Category Archives: Uncategorized


2016-06-28

cat’s been away

by Neil Godfrey

Hope you commenters have been behaving yourselves this past week while I’ve been awol. Looks like Tim’s not been around either. I have a lot to catch up on, but hopefully back into posting anon.


2016-06-21

Hermann Detering confronts Richard Carrier—Part 3

by Neil Godfrey

H. Detering confronts R. Carrier—Pt. 3

Screen Shot 2016-06-22 at 3.47.01 am

Let us call a spade a spade: Carrier may be an expert on the natural philosophers of the Early Roman Empire, but he is certainly not an expert on Paul. — H.D.

If Biblical Scholars Were Classicists

by Neil Godfrey

How do classicists determine if a figure appearing in ancient records actually existed? Do they use the same methods as biblical scholars who tell us certain persons in the Bible are historical and others not?

In this post and another I will look at questions classicists ask about two ancient philosophers, Demonax and Apollonius of Tyana, and the methods they use to answer those questions, at the same time comparing those questions and solutions with those applied by biblical scholars to Jesus and the Gospels. I suggest the very different ways of answering the similar questions highlight the fundamentally ideological character (i.e. religious bias*) of historical Jesus studies.

demonaxWas there a historical Demonax?

How can there be any doubt? After all, we have a first hand account of the witty philosopher Demonax (said to have lived 70 CE to 170 CE) by his student, Lucian (125 to 180 CE). Lucian begins his biography of Demonax thus:

It was in the book of Fate that even this age of ours should not be destitute entirely of noteworthy and memorable men, but produce a body of extraordinary power, and a mind of surpassing wisdom. My allusions are to . . . the philosopher Demonax. I saw and marvelled at [him], and with [him] I long consorted. . . .

I am to write of Demonax, with two sufficient ends in view: first, to keep his memory green among good men, as far as in me lies; and secondly, to provide the most earnest of our rising generation, who aspire to philosophy, with a contemporary pattern, that they may not be forced back upon the ancients for worthy models, but imitate this best–if I am any judge–of all philosophers. (my bolding in all quotations)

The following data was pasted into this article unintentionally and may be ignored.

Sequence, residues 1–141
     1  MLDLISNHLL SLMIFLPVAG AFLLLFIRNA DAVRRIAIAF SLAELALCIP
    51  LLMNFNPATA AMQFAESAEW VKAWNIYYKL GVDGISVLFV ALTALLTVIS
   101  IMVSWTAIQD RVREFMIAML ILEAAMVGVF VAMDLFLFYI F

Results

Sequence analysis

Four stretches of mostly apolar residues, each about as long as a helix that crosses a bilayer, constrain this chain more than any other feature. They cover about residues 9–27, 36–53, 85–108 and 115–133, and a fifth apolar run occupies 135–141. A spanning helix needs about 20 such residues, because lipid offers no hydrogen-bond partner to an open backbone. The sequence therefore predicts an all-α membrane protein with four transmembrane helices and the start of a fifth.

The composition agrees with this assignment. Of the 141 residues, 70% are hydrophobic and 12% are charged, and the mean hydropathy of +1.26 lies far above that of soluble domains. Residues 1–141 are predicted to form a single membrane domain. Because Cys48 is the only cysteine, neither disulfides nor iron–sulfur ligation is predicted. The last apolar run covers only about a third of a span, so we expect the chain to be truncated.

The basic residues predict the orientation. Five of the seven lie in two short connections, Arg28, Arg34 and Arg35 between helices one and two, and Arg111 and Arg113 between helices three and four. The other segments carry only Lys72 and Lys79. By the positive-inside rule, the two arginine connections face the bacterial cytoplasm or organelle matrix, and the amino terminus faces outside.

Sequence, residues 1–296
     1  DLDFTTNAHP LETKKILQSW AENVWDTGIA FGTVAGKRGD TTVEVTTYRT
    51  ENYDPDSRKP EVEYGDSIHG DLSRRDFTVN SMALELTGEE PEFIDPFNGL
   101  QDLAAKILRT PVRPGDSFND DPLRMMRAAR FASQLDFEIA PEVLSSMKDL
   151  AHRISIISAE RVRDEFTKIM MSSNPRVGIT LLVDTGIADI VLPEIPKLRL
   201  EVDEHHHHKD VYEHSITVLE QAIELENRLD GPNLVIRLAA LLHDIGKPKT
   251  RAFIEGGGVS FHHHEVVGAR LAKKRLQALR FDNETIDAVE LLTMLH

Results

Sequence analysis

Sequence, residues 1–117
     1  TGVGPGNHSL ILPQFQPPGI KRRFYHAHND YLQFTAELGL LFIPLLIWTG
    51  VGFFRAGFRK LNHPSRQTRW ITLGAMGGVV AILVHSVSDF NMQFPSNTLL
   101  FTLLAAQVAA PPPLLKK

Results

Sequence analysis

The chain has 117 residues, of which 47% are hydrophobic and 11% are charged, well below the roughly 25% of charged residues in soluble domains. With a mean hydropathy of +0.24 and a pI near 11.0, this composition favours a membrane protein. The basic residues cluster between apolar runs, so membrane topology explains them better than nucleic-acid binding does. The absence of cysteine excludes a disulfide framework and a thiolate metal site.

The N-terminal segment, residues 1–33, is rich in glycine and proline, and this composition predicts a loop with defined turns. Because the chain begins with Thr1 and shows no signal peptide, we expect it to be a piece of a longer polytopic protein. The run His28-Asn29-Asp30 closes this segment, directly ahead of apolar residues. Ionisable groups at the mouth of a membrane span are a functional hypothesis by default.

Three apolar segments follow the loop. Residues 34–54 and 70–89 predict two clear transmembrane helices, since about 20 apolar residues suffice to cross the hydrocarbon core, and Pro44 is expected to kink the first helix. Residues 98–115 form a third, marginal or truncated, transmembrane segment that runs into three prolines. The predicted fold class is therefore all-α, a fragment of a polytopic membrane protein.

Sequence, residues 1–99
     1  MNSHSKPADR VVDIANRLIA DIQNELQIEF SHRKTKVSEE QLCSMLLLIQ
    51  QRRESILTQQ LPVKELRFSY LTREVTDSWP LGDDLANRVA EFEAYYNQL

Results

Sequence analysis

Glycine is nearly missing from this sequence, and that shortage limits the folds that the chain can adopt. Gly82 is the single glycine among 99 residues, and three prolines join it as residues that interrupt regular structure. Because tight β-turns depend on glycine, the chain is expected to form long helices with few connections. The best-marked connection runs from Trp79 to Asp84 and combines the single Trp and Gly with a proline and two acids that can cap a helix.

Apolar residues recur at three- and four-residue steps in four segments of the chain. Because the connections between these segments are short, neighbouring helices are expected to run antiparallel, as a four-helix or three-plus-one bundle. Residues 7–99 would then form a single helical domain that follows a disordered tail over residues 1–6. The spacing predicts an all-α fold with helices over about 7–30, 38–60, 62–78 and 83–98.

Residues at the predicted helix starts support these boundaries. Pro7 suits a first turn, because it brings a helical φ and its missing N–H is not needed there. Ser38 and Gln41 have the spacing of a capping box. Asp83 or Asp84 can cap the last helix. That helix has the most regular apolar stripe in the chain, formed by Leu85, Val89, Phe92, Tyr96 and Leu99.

If an author says he knew Demonax personally and over an extended time how is it possible for anyone to reasonably doubt his historical existence! Further support for the argument for historicity is that Lucian tells readers Demonax met an array other notable historical persons.

Yet there are indeed doubts among classical scholars about the existence of Demonax. Are classicists, then, a hyper-sceptical lot compared with historical Jesus scholars?

The historicity of Lucian’s account has often been questioned, although most scholars today would agree with K. Funk’s arguments for historicity in his study of the Vita published in 1907. Yet, there still exists some understandable scepticism in this regard. Diskin Clay, for example, makes the following non-committal statement in a fairly recent article:
 
My purpose in this treatment of Lucian’s Demonax is not to mount an argument against the historicity of the great Athenian philosopher. In the course of this discussion it will become apparent that I would not add the name of Demonax to the history of philosophy in the second century AD, nor would I remove it from the histories already written. (Searby, D.M. 2008. “Non Lucian Sources for Demonax”, Symbolae Osloenses 83, p. 120)

Do classicists set such a high bar for historicity that if applied across the board then most ancient persons we know of would have to be erased from the history books? Surely that would seem unlikely.

Why would Lucian make up person supposedly known to his own generation? Would not such an attempt meet with protest from his peers who knew better?

Those are the sorts of questions biblical scholars sometimes raise when asked about the historical existence of Jesus. So how could classicists have any doubt about Demonax when confronted by an account of his life by his very own student? read more »


2016-06-18

Detering Responds to Carrier, Part 2

by Neil Godfrey

Click on the image below to be taken to Part 2: